She and I are just tired of this month of March. It has been wet and cold. Vanille's small pasture is at that “end of winter mud” stage. We were generously offered the enormous sheep pasture which is just horse heaven, but there were some dangerous areas with fencing and barbed wire on the ground. Some of the fencing was partially buried in the earth. It has taken quite a lot of work to pull up all the old fencing but luckily a strong friend did a lot of it, and then a magnificent tractor arrived with huge teeth attached to the front. That did the job in one afternoon. Now Vanille spends part of each day with lots of room to gallop, and wooly friends to keep her company. It has been fun to watch her kick up her heels and run with the sheep and new lambs.

With Jean François' help I have been studying pasture management and proper feeding of these heavy horses. Unlike most horses, the problem with Vanille is that she is easily too fat and that is dangerous. The internet has been an excellent source of information. Since she is not working at the moment, she has grass hay, a salt block, and plenty of fresh water, but she can only stay on the big pasture 4 hours a day. She also gets two big handfuls of Tourteau de Colza or Rapeseed meal in granules each morning, and carrots every day.

Here's a photo of her taken a few days ago. She has gone through the winter with only hay and the minimum grass in her small pasture. As you can see, she has not lost any weight. We have had a mild winter so she has been outside with no shelter. Hot weather is the most difficult for her. She never developed a heavy winter coat and is losing it already.

We had the blacksmith come to trim her hooves. It had been 3 1/2 months since her last trim. This is how they looked when he started.

And here's one nearly finished. Her hooves are in great condition and the walls are very thick and tough. This encouraged me to start studying shoe alternatives for the time we start travelling. Jean François has been doing lots of research and sharing information with me. He will be doing some trials with several new types of glue on shoes, plastic shoes, etc. I am amazed at all the new shoes and boots available. For Vanille, I most like the information on this site

I am hoping to try Easy boots Epic for Vanille, at least on her front feet. They are pretty funny looking, and they are expensive. Since they will only be used when she is working, they will last a long time, much longer than traditional shoes. Using boots would mean that she could be barefoot in the pasture and not have metal shoes nailed to her pretty feet. If Pete Ramey at hoofrehab is correct, a heavy horse like Vanille should be walking on her entire foot and not just on the walls as happens with traditional shoes. This makes sense to me. Her feet are so big, 18 cm wide, that the Epic is the only boot big enough to fit her except for custom made boots. Here's a photo and their website:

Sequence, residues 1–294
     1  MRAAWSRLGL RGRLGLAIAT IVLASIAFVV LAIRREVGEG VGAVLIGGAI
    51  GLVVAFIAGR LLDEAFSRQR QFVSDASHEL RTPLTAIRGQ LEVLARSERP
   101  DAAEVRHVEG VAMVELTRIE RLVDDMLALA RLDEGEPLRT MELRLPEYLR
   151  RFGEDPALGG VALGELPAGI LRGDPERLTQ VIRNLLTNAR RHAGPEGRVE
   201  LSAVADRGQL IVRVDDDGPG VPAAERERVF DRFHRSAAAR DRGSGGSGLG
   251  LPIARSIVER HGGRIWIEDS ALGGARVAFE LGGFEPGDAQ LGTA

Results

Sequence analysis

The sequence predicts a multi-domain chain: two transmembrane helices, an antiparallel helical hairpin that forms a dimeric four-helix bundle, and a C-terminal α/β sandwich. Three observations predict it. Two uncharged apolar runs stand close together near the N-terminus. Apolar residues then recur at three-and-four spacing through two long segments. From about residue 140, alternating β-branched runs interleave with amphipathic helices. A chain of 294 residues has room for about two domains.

As you can see, the miserable weather has been a profitable time. The internet is a huge resource!

I've also been working on editing and compiling the blog posts up to the first trial trip with Toti and putting them into book form. I have sent the PDF off to my daughter and soon there should be a book available.

Once again, thank you to all who take the time to read this blog. If you have any questions or comments, please let me know. If you have experience with Easy Boots, please share with me.



About Suzanne

American living in France. Artist and lover of nature, gardening, all living beings. Married to the love of my life, mother of two wonderful daughters and grandmother.
This entry was posted in Art, Community, Comtois horse, Gypsy wagon/Roulotte construction technique, Horse drawn vehicles, Lifestyle, Small living spaces, Travel, Uncategorized and tagged , , , , , , , , , , . Bookmark the permalink.

5 Responses to Vanille

  1. Great post! Vanille’s expression put a huge smile on my face. Actually I bust out laughing. Cool boots. I had no idea such existed but it sure does make sense. Give my warm regards to Vanille and Jean-Francoise. I was so impressed with his relationship with Vanille. Watching him work with her was mesmerizing.

  2. She definitely looks sleeping yawing like that! I agree about the shoe issue. Since the frog works as a circulation pump for the legs, it always seemed crazy to me to have shoes that disallowed it to touch the ground. Dahlia has been barefoot for years and I now wonder why I ever put shoes on her – especially here (in the Tarn) where there are no rocks and the ground is usually soft. (at least compared to Colorado!). I am happy that Vanille is out in the pasture with the sheep!!!

  3. Suzanne says:

    Thanks Maria. These are used for endurance riding and long trail rides. Îve been looking at forums and a few people have used them for 1800 km. I agree that if we go travelling long distances, it is better to just use traditional shoes but for short trips, I’d like to try the boots. You may be right about the chafing and it sounds like you have some experience. Thanks for the advice. I’ll add it to the rest. Hope to see you in May. Big hug!

  4. Maria pietri lalor says:

    Hello Suzanne,
    Your baby needs a treadmill ! I have some experience with the rubber shoe and I will add a warning, if Vanille walks a few hours a day I would forsee shafing and burning on the pastern at the level of the velcro strap, those shoes are primarely intended for a sore hoof, abscess on the sole or something like that. A horse can work with one of those and it will protect them well for an hour or two but for long period I would seriously consider the old fashioned and proved method of shoeing.If shoeing has made it through the middle ages there is a reason.If Vanille get rubbed at the same place and a sensitive one it will shorten your trip !
    Love , Maria

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